Baylor Bears

Baylor’s decline puts pressure on Texas Longhorns

Whether you loved or hated the Baylor Bears recent success, you had to admit, it was good for the Big 12. The Bears gave the Big 12 another quality team, essentially replacing a Texas Longhorns team that has been mediocre for nearly a decade. The Big 12, or any conference for that matter, can not afford to have one regularly nationally relevant team. The SEC has half a dozen, the Big Ten has had a handful the past few years. The Big 12 had Oklahoma, Baylor, and Oklahoma State helping carry the torch the past few seasons (I left out TCU simply because it’s only been two years of Big 12 success).

The Bears are 32-13 since the Big 12 became a ten-team league, that’s second to only the Sooners. Since the sexual assault scandal that rocked the Baylor football program, heads have rolled (Briles, McCaw, Starr) and recruits have bailed (11 of 22 2016 commits). So, with Baylor latest defection, QB Jarrett Stidham, their most damaging, where does this leave the Big 12?

Frankly, it means the Longhorns need to finally get their sh*t together and become nationally relevant again.

Since a trip to the 2009 BCS Championship Game, the Longhorns are 41-35. That’s mediocrity at it’s finest.

On top of that, the Longhorns were the biggest benefactor from the Baylor fallout. Their recent additions from BU include offensive lineman J.P. Urquidez and WR Devin Duvernay (plus his brother, Donovan), so the Longhorns recruiting class is officially top 10 in the 2016 rankings.

Now, head coach Charlie Strong, who has had two years to clean up and reset the program, has to start winning.

Baylor may be able to salvage a decent season in 2016, but it’s clear that the program is no longer going to be ranked in the top ten in 2017 and beyond.

So, the Big 12 needs to replace that national prominence and relevance. The reality is, it’s better for the Big 12 to have Texas a top-ten team instead of Baylor. Baylor is a smaller, private college with a limited college football history. Meantime, we know the behemoth Texas is, and the ratings and attention they get when they were good.

If in 2014, TCU or Baylor, with their 1-loss resume, were instead rocking the Texas Longhorn logo on the front of their uniforms, I firmly believe the College Football Playoff committee would have included one of them into the Final Four.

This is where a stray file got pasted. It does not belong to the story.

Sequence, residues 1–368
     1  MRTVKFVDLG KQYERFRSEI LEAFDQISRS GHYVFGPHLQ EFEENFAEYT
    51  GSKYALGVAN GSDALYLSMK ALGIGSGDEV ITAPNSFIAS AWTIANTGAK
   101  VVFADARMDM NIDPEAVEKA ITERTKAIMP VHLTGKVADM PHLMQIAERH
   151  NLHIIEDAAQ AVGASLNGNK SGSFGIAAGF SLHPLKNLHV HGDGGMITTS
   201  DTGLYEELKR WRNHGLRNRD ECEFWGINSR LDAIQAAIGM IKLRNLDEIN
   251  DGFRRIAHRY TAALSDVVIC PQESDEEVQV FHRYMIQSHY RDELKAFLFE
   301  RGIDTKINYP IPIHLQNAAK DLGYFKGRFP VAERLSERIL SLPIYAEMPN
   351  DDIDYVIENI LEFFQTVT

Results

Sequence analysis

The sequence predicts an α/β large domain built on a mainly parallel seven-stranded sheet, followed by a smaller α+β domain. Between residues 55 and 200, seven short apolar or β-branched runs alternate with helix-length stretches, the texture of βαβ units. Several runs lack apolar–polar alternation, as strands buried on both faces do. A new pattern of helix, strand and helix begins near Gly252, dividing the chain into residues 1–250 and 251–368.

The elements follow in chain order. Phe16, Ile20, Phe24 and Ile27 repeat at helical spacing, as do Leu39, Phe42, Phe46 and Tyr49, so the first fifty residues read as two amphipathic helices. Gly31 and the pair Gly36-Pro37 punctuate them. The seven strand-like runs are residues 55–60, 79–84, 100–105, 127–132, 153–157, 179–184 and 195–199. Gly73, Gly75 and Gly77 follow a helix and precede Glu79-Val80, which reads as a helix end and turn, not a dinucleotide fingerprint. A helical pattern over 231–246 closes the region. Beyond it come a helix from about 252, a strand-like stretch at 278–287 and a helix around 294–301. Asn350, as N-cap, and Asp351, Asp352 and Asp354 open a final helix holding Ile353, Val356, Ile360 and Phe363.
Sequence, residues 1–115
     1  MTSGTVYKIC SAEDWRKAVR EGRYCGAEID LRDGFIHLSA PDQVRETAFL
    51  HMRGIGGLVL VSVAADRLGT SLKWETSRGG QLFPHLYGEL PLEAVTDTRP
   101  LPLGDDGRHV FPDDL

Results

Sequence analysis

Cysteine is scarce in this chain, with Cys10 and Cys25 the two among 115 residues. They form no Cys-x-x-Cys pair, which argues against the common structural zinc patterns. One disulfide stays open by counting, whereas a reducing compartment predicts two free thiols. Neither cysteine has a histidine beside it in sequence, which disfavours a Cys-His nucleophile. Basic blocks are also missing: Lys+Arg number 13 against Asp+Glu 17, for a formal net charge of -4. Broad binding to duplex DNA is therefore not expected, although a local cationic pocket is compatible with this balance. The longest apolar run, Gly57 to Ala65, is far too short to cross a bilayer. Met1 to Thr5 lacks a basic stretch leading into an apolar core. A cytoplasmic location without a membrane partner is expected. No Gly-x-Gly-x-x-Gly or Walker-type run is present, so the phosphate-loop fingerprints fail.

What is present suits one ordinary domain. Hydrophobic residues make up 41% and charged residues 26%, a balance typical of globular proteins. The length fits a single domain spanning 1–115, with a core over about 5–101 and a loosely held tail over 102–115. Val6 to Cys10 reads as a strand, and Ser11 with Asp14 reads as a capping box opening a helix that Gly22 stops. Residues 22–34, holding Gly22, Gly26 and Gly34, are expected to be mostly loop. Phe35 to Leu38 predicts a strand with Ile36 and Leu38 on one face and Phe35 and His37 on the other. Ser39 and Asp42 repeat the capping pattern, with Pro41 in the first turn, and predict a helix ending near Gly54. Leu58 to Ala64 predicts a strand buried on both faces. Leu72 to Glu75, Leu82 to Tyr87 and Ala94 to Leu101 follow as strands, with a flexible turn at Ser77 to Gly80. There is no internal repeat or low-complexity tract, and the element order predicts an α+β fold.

So, while Baylor’s demise is not good for the conference, it can turn into a positive, if, and only if, the Longhorns can benefit and once again be a national attraction people care about.

The SEC is at it’s best when Alabama and Florida are great. The Big Ten prospers most with Ohio State and Michigan in control. The Pac-12 loves to see USC and UCLA with single-digit rankings next to their school name. It’s no different in the Big 12. Bob Stoops and the Sooners have done their share, for the most part, over his tenure. Now, it’s Strong’s chance in Austin to finally help pick up the slack.

Let’s call a spade a spade. TCU, Oklahoma State, West Virginia, and Texas Tech are all exciting programs who I thoroughly enjoy watching. But, they are not the kind of programs (reasons vary from history to market size and more) that will drive money, TV ratings, and eye balls to the screen. They will in West Texas or Eastern Oklahoma. But, what gets the fan in Georgia or California to decide to watch a Big 12 game over an SEC or Pac-12 match up? An undefeated Texas team in early November gearing up for a night game in Manhattan against Kansas State.

Plus, the other challenge for the Big 12 is as follows: all those programs in other conferences mentioned above are either CFB Playoff contenders or getting awfully close. Alabama, Ohio State, and Michigan are there, while Florida, USC, and UCLA are programs with a solid foundation, top recruits, and are building rapidly.

Right now, Oklahoma State and TCU are 5/1 favorites to win the Big 12, those are the second best odds after the Sooners at 2/3. Mike Gundy and Gary Patterson are fantastic coaches who have built impressive programs. But, neither are your traditional television needle movers.

You might think I’m attacking ‘your team’ with this article, but that’s not the case. Hell, I’d love to see TCU, OK State, or Texas Tech make a CFB Playoff. I’m happy for any Big 12 team that gets on that kind of stage. But, time and time again, we have to be reminded of the fact that television ratings and money drive the bus.

The best that can come out of Baylor’s stunning downfall is not more parity, but the Texas Longhorns once again become a national powerhouse that people across the country can’t wait to watch, week in, week out. If you hate the Longhorns, I’m sorry… but that’s the truth, and that’s the best way to keep the Big 12 relevant, stable, powerful, and successful.

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